Remarks of Federal Trade Commissioner Julie Brill at the DLA Piper Privacy Symposium: Privacy On the Go: Privacy Protections in the Mobile Environment
(Targeted News Service Via Acquire Media NewsEdge) WASHINGTON, March 6 -- The Federal Trade Commission issued the following remarks by Commissioner Julie Brill:
Thanks very much to DLA Piper and Jim Halpert for inviting me to kick off your symposium today. And I am especially grateful to see all you hardy souls here in spite of the weather. Those of us who hail from heartier environments are certainly enjoying this "snowquester".
Jim gave me the choice of speaking to you today about any topic I wished. And for obvious reasons - or at least reasons that I think you will find obvious - I have chosen to speak about privacy in the mobile space.
Consumers are increasingly turning to mobile to manage many facets of their lives - everything from shopping, listening to music, catching up on news, buying movie tickets, and locating a nearby restaurant, to getting driving directions, and tracking calories and exercise routines. With our smartphones in hand, we can locate our children. We can play games. We can do our banking and pay our bills. Whatever you'd like to do, there's "an app for that."
And let us not forget: with our smartphones, we can even make phone calls!
Indeed, smartphones are not one device - they are multiple devices wrapped into one sleek unit. They are the Swiss Army knife of our modern age: a powerful collection of services and functions in one handy package that slips right into our pocket. If it only had a corkscrew on the side, it would be perfect.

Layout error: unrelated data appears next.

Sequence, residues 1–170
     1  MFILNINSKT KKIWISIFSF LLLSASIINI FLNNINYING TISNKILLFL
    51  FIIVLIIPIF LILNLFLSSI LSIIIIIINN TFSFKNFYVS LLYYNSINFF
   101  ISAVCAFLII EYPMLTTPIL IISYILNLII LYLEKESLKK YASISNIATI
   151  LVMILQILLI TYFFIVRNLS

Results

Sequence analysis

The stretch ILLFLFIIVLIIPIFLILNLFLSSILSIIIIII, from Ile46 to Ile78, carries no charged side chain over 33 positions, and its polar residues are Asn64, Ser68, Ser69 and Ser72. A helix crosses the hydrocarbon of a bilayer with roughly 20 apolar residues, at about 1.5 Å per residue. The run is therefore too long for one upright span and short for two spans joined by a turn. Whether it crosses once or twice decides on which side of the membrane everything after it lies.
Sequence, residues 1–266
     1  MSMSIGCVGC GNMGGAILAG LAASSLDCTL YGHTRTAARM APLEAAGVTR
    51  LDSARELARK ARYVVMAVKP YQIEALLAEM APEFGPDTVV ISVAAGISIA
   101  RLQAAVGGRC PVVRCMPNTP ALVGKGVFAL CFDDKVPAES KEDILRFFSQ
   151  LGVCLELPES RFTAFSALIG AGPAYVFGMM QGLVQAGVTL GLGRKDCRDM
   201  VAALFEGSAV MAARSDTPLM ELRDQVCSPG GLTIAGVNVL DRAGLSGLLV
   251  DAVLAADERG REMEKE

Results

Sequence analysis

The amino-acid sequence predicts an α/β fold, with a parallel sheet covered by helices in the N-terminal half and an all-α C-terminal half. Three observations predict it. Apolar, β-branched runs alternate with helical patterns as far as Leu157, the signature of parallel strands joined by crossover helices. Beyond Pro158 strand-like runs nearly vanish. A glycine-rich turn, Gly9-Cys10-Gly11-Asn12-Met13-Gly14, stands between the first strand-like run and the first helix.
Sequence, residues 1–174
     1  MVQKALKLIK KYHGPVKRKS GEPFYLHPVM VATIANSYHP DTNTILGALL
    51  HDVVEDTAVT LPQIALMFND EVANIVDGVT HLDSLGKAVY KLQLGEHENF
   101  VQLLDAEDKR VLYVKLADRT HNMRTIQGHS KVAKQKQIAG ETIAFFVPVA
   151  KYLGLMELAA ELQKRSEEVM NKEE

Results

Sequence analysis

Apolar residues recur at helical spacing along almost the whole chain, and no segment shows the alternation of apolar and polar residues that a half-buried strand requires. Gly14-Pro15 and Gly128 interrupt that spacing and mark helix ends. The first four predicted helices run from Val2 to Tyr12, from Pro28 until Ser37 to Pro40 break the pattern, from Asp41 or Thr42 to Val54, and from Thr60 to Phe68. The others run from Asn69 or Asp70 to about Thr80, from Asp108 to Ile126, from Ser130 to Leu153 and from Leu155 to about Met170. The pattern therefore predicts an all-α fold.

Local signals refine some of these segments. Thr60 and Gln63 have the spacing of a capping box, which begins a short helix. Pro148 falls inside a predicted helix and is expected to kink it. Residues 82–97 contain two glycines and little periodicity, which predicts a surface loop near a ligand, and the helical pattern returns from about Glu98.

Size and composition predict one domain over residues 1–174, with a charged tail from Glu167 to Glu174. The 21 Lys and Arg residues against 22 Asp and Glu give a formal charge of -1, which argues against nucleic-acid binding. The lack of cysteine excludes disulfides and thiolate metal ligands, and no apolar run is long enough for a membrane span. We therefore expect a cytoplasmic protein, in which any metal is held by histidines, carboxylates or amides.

And who knows, even that might come standard on the iPhone 6.
In addition to doing more and more with our mobile smart phones, we know that more and more of us are using them. In 2011, over 550 million smartphones and tablets were shipped worldwide, exceeding shipments of desktop and laptop computers for the first time ever.1 In fact, industry watchers say that by the end of 2013, the number of internet-connected mobile devices will exceed the number of people on earth.2 And the number of mobile users around the world will grow by 1 billion over the next five years.3
Here in the U.S., more than one-half (50.4%) of consumers now owns a smartphone,4 and that number also is expected to grow.
Our growing dependence on mobile is even more salient in some of our communities. About 40 percent of people in households earning less than $30,000 say they go online mostly through their mobile phones, compared with just 17 percent of those earning more than $50,000.
And half of African-American cellphone internet users, and 40% of Latino cellphone internet users, do most of their online browsing on their phones. And if you have teens, you know they are never without their phones. Nearly half of college students say they often check their phones before falling asleep, and over half do so before getting out of bed in the morning.5
Along with the explosion in popularity of our smartphones has come an explosive growth in the potential collection and use of the myriad forms of data generated through our smartphones. Our location as we walk around with our phones in our pockets, our contact lists, our emails, our photos, the books we read, our online searches, our shopping habits, the text messages and phone calls we make and receive, and so much more - it's all potentially available through our smartphones. And there are a large number of players who may have access to this information - platforms and operating systems, app developers, plug ins, ad networks and other third parties that provide features to make users' experiences richer.
Consumers are becoming aware of some of the privacy issues involving mobile technologies. With more and more frequency, consumers read about apps that engage in unknown and unauthorized access to their address books, their photos and videos, their precise location, their every keystroke - raising concerns that their private information is no longer private.